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Posted by on in Drug Addiction

Girls with childhoods like mine don’t live long and they don’t grow up to become doctors. They die young and if they happen to stay alive, they end up in prison or living on the streets forever. I grew up in a family infected with incest that can be traced as far back as my genealogy extends. I was not protected or safe in my own home. Like thousands of young girls before me, I turned to drugs and alcohol to escape.

By 14, I was hooked on meth. I didn’t have the luxury of wealthy parents which meant I had to commit crimes and offer my body to men more than twice my age to stay high. I spent my adolescence immersed in the child welfare system, living in and out of foster homes, juvenile facilities, treatment centers, and the streets. Every junkie has a story and I have mine. Suffice it to say that I have paid my dues in that world and paid heavily. After a violent rape that nearly killed me, I vowed in the hospital that nobody would ever look at me with the disgust and revulsion that the doctors and police officers did that day. I have remained committed and true to my promise.

Today, I stand as a woman who’s risen above the darkness. I live free of chemicals and the obsession to use them. I can’t remember the last time I committed a crime or considered killing myself. I put in years of hard work to earn the privilege of being called Dr. Garrison and have dedicated my last ten years to helping others.

I’ve lived my life one step away from becoming a statistic. The question I get asked most frequently is “What advice do you have for others in your situation?” Here’s what I know about beating the odds.

1. Your labels don’t define you

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Posted by on in Other Addictions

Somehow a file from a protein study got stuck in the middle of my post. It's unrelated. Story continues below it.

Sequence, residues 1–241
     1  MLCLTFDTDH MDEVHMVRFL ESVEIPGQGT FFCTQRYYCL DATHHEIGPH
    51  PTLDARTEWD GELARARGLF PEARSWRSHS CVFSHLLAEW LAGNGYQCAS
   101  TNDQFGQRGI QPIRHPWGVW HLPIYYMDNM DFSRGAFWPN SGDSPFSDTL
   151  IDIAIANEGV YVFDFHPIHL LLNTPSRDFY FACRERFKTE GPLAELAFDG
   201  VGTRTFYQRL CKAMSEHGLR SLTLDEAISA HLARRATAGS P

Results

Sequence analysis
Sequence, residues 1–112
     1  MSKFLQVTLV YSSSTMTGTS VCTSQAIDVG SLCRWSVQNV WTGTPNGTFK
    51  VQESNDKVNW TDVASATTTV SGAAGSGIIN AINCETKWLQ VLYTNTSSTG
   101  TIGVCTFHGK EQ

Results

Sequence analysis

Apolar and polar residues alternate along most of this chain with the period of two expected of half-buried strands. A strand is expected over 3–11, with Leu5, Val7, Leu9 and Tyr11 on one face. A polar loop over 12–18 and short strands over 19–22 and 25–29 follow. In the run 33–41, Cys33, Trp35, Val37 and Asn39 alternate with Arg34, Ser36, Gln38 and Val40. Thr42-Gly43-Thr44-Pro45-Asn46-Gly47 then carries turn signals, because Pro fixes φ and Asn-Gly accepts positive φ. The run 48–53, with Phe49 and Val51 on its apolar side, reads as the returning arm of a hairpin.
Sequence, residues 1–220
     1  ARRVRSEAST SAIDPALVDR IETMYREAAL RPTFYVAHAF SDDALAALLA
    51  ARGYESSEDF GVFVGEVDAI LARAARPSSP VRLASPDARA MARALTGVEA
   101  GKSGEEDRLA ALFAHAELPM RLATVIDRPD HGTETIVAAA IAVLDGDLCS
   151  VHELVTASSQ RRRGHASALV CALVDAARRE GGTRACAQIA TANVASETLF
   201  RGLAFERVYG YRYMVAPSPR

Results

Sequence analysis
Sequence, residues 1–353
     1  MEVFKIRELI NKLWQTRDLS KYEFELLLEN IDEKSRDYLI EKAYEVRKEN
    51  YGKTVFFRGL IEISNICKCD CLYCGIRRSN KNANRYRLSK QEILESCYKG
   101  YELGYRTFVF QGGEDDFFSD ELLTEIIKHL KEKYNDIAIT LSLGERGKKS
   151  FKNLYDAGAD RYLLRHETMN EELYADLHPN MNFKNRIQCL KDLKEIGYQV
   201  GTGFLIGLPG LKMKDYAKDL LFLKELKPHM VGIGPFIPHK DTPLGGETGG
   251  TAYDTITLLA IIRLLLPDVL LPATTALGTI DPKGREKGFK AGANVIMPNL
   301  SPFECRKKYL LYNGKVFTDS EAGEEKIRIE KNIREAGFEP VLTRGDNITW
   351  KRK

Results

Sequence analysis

This blog contains adult content.  View with discretion.

At 19 years old I’d lived a fairly charmed life.  I grew up in an affluent NYC suburb with loving, if flawed, parents.  It was the 1950’s and my father believed that women had specific (traditional) roles.  As the youngest of 3 the rules were somewhat relaxed for me, but I chaffed under their weight nonetheless.  So I rebelled, in a mostly ladylike manner.  In the fall of 1972 all that had been before, my childish notions about the inherent goodness of all people, idealistic political views, and my core belief that my parents could fix anything, were run through a meat grinder, never to be the same again.  It was the beginning of 20 months in hell.

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Posted by on in Drug Addiction

I’ve spent years in the rooms and in therapy “working” through my life experiences. I’ve done several 4th, 5th, 6th and 7th steps, adding character defects to my 7th step list with each new 5th step, and on a daily basis asked for each individual defect to be removed. The 8th step list that grew out of my 4th and 5th steps is a living document and I have made all of the direct amends that were humanly possible, and taken other suggested actions regarding amends that could not be made directly. I lived steps 10 through 12. And I achieved many goals; became a productive member of society, a loving daughter, sister, aunt and friend. I did well for myself on the material plane.

But in all of the years doing the steps and working the program – living the program – I did not allow myself to sit with feelings related to the aftermath of traumatic events.  I became aware of them, then spoke of them, cried a little about them, and then moved on.  After all, what good would it do to REALLY cry – to sob until I couldn’t breathe?  I didn’t allow myself to just BE – to truly process; to chew the food of my emotions until finely ground and easily digestible.  I bit off chunks of my life, chewed hard and fast, swallowed, and moved on.  I didn’t even wash them down with water because I was too busy achieving my goals, too busy making up for lost time.

Then I picked up again.

I am in a place now where the universe is forcing me to sit with myself and just BE.  My initial reaction was that I had failed.  And then I was paralyzed, moving neither forward or backward, living in a kind of twilight zone; not dead but certainly not alive.  I hoped I would die but I didn’t.  I wanted to, though I would not take an affirmative action to make it so.  My heart kept beating and my brain sent signals to keep the rest of my body functioning.  I existed in the most basic way.  I ate, I slept, and I woke up each day to do it over.  I silently choked on the past, didn’t care about the present, and saw no hope of a future that would be any different.

The universe eventually brought me to my knees and I had a moment of clarity.  In a flash I remembered the epiphany I had 20 years ago in a NY subway station -- I knew that I didn't have to go where my addictions were taking me.  I remembered I could go to a meeting.  Thank G-d for sober reference, and for not allowing me to completely throw my life away.

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